The ceremony was led by Sgt. Don Helms, a police chaplain, and was organized loosely, with various speakers telling stories about Stamp's life.
Timothy J. Haefner, a police officer in the Southeastern District, had trouble getting though his speech without crying. "There were so many words that described Norm," he said. As his voice cracked, some of the women in the audience asked for tissues.
"Norm lived his life to the fullest," Haefner said. "My heart is truly broken."
The first biker to speak was Reds Sullivan, president of the Chosen Sons, who thanked Stamp for starting the club and called him a mediator. "Call Stamp and he'd fix it," Sullivan said. Then, becoming emotional, Sullivan said: "I'm going to get out of here before I begin to cry."
Mueller, who spoke last, recalled one of Stamp's favorite police stories. He said Stamp pulled over a man in East Baltimore and the man, not realizing to whom he was talking, tried to get out of the ticket by saying he was a close friend of Norm Stamp.
Because Stamp's death was not considered to have been in the line of duty, he did not receive the full police honors afforded many officers who are killed. Those funerals usually tie up city streets for hours as processions of police cars roll to Dulaney Memorial Gardens. Instead, mourners yesterday were invited to the Chosen Sons' headquarters - a clubhouse that is about two blocks north from the strip club where Stamp was shot.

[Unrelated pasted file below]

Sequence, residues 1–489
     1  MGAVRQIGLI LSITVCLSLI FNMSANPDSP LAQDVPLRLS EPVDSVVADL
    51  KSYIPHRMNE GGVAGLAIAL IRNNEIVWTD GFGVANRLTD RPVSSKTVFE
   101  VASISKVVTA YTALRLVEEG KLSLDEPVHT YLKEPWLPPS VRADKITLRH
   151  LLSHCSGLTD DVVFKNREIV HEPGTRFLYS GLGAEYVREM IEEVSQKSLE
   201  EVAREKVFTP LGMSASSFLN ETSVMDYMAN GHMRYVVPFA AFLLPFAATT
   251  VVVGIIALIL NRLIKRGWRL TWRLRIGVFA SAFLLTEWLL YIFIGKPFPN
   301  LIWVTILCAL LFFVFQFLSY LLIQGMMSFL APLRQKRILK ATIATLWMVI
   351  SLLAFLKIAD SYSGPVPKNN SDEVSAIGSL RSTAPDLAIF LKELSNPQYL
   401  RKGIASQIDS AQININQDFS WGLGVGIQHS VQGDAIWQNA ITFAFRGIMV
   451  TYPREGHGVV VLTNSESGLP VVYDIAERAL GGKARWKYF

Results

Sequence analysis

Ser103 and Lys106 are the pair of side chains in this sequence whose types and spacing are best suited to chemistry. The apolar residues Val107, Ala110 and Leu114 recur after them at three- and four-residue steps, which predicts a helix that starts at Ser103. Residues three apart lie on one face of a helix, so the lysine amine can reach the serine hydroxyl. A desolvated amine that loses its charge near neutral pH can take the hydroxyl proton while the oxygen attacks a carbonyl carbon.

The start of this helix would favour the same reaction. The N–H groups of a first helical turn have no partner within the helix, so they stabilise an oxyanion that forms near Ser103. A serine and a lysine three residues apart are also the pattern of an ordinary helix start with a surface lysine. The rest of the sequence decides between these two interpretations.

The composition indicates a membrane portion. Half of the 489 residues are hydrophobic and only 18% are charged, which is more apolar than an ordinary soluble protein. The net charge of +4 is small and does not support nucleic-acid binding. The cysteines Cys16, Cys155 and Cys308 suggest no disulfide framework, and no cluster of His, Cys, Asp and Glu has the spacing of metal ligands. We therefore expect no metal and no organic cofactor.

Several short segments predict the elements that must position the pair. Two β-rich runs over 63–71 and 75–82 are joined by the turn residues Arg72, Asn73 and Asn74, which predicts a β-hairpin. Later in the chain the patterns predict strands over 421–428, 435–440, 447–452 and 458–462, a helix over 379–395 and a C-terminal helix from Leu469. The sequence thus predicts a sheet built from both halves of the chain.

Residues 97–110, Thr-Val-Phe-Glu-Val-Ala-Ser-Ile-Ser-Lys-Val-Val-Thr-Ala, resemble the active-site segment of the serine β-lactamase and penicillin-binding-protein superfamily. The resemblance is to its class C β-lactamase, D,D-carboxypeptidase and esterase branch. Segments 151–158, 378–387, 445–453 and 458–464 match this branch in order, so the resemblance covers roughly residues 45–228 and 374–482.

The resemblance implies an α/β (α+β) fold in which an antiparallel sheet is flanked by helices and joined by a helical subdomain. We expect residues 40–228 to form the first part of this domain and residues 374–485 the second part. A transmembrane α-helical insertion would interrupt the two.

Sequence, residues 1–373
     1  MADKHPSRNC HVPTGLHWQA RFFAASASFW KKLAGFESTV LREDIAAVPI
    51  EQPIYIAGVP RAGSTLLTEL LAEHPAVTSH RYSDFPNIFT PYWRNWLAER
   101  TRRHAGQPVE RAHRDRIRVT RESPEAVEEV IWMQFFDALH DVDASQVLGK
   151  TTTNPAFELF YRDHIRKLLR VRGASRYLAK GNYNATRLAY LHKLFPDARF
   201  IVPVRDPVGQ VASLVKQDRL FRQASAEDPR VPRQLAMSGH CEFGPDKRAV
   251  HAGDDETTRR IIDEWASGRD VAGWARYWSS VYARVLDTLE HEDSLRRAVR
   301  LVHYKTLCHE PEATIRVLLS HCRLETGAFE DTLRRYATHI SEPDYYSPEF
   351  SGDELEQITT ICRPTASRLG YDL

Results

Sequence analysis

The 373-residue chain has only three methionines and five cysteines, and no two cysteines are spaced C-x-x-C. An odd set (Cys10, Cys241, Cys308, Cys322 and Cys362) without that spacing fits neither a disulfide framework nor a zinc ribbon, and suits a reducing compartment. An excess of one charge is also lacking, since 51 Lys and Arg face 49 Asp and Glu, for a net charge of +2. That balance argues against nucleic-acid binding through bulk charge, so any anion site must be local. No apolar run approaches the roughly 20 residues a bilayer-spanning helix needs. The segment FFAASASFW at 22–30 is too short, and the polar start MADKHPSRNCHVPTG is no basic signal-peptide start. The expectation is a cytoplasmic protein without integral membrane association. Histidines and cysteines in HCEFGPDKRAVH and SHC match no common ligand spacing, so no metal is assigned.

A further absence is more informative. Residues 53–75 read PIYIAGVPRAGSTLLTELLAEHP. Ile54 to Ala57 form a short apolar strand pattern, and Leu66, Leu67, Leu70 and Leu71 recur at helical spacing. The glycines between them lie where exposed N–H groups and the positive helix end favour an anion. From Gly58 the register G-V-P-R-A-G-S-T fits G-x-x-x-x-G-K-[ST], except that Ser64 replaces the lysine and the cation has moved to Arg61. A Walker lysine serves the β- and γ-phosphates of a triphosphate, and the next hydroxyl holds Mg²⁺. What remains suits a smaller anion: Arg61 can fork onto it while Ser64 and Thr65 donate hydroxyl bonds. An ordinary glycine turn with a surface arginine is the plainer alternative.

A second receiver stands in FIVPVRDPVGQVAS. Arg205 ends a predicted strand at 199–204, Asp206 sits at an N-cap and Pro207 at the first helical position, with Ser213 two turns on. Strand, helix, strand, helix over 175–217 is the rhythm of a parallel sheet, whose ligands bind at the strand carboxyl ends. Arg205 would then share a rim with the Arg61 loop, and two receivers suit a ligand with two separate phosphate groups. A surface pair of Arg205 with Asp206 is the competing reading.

Civil Trial Begins in Wrongful Death Case of Officer Shot by Police
Stamp, a 44-year Veteran, was Shot Outside Strip Club in 2008
October 07, 2010
|By Justin Fenton, The Baltimore Sun
Police said that in April 2008, off-duty officer Norman Stamp burst out of a Southeast Baltimore strip club with brass knuckles on his hand, barreling toward a brawl involving members of his motorcycle club that had spilled into the street.
That's when, according to police, the 44-year-veteran got into a confrontation with a uniformed officer sent to quell the fight, pulled his service weapon and was fatally shot.
An attorney for Stamp's widow said Thursday — the first day of trial in a wrongful-death civil suit brought against Officer John Torres — that there's a different story that the Police Department wanted to suppress.